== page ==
Forests eat carbon.
Middle of the Road
Republican lawmakers on Wednesday proposed legislation setting a goal for the United States to plant a trillion trees by 2050 to fight global warming, a plan intended to address climate change by sucking carbon out of the air instead of by cutting emissions.
Offsets have become a wildly popular — and controversial — way to fight climate change.
Duncan Clark summarises the offsetting debate in this edited extract from The Rough Guide to Green Living
Carbon Offsets on Fire
With wildfires raging, are forest carbon offsets still a safe bet?
California’s emissions reduction program is going up in smoke because regulators severely underestimated the impact of climate change-fueled wildfires.
"They’re risky and difficult to control, which contributes to them burning for longer."
"Eighty-six large forest fires are burning across 12 states. Among the trees they’re torching are ones being used as carbon credits, showing the danger of relying on forests to offset emissions elsewhere."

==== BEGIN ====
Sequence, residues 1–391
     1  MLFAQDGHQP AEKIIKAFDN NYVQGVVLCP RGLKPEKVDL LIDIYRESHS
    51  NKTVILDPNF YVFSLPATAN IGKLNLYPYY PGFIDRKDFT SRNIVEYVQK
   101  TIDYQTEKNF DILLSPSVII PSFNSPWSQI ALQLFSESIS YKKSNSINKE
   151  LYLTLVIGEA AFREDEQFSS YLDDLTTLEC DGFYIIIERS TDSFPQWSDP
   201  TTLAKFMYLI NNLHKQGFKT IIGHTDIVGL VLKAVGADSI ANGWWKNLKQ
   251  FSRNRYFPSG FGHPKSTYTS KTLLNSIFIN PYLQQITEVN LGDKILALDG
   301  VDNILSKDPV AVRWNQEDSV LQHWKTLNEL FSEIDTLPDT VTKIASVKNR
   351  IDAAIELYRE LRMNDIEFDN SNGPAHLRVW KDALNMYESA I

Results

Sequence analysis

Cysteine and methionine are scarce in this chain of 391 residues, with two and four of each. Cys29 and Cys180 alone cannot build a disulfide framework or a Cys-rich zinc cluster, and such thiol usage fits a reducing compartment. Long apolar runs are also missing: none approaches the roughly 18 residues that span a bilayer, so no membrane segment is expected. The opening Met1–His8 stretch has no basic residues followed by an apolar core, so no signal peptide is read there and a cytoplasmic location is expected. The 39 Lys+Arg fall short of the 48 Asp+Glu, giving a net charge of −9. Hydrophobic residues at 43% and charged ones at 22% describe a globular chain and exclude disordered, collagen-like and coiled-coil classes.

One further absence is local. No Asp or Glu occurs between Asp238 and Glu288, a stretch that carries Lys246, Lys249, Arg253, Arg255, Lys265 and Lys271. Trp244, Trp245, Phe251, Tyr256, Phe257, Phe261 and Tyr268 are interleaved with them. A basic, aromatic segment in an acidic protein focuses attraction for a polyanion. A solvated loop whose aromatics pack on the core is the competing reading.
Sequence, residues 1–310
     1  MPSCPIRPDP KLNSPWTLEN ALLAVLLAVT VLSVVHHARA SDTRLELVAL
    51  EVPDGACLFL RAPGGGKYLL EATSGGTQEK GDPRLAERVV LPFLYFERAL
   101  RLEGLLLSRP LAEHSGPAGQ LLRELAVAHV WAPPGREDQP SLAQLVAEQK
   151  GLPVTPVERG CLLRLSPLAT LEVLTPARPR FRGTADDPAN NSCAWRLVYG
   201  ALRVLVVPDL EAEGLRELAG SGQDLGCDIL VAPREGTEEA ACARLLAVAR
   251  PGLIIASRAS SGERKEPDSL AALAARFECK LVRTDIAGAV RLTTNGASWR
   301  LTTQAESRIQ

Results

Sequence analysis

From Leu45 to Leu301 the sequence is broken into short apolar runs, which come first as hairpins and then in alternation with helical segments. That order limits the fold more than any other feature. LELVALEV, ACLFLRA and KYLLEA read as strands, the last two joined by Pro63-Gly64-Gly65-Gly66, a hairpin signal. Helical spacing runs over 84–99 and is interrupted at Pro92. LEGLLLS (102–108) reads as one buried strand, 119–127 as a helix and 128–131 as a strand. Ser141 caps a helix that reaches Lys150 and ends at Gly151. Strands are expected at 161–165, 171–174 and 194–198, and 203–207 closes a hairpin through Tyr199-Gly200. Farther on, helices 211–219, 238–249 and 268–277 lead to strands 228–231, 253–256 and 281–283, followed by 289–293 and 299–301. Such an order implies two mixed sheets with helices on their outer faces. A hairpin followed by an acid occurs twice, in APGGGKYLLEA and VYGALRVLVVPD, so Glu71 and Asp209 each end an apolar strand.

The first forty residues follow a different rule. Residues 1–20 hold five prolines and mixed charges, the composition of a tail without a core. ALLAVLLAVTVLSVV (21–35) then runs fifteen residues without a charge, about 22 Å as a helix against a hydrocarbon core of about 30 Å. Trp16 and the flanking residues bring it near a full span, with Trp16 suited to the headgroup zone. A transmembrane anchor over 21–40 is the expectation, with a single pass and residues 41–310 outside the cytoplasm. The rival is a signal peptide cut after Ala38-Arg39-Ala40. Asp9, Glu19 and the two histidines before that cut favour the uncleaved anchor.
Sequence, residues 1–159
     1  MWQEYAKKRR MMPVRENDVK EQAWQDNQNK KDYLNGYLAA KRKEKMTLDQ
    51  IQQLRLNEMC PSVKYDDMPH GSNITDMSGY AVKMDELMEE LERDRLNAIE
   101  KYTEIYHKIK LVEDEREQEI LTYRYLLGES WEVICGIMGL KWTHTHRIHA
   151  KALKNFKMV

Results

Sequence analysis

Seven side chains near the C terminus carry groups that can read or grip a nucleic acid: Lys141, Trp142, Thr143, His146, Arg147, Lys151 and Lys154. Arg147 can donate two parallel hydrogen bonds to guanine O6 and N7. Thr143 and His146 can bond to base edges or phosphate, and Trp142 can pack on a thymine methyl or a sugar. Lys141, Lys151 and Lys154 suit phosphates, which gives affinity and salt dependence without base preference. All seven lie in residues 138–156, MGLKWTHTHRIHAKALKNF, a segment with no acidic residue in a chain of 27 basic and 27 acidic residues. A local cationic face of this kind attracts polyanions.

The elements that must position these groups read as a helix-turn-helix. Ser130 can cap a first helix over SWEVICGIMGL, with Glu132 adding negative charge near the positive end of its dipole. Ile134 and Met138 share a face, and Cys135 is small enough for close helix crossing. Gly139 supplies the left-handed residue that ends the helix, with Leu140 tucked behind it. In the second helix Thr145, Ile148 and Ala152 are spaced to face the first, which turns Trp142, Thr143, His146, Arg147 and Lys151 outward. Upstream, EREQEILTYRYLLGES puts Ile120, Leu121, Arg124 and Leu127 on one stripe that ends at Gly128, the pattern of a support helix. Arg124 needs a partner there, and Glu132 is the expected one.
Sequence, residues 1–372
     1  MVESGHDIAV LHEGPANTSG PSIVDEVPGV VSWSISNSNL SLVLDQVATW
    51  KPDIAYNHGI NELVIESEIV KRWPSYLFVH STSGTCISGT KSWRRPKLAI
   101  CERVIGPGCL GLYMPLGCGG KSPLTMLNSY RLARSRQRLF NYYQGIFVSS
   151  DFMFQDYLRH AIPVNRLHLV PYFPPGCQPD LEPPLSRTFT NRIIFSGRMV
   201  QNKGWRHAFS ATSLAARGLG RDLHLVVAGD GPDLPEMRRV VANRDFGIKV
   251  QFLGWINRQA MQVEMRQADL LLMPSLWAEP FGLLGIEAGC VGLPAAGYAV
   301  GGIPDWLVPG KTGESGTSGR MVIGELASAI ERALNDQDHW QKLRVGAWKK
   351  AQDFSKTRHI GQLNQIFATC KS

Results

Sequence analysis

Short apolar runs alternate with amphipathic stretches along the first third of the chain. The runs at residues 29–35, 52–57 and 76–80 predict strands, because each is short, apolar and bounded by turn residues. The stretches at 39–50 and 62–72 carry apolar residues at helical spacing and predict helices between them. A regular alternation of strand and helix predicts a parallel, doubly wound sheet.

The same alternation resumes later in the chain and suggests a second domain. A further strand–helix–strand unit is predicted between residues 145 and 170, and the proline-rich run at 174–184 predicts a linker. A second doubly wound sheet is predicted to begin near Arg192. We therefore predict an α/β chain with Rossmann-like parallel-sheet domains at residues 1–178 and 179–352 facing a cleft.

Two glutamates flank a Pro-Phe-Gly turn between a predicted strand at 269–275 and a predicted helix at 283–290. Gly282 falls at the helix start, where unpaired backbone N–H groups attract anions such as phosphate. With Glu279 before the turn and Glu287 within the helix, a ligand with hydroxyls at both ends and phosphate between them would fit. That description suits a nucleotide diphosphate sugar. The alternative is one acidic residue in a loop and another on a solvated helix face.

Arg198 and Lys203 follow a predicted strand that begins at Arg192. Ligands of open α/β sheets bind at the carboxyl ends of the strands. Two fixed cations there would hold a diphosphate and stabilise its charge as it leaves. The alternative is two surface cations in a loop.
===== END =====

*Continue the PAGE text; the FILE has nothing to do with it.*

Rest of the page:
As businesses in California race to tamp down their emissions by buying carbon offsets, some serious math errors in the program may mean more carbon dioxide—not less—is being added to the atmosphere.
The NFT space has a ballooning carbon problem. But rather than address emissions head-on, platforms may be turning to at best, self-deception and at worst, greenwashing by relying on carbon offsets.
The hunger for these offsets is blinding us to the mounting pile of evidence that they haven't — and won't — deliver the climate benefit they promise.
Trees can slow the warming of our planet by taking carbon out of the air, but only if they’re healthy. Hotter, longer summers could soon be weakening trees beyond repair, devastating whole forests and turning them into sources of carbon.
Avoided emissions seem like a (well-intentioned?) shell game
“This is one of the most successful, deceptive PR campaigns maybe ever.”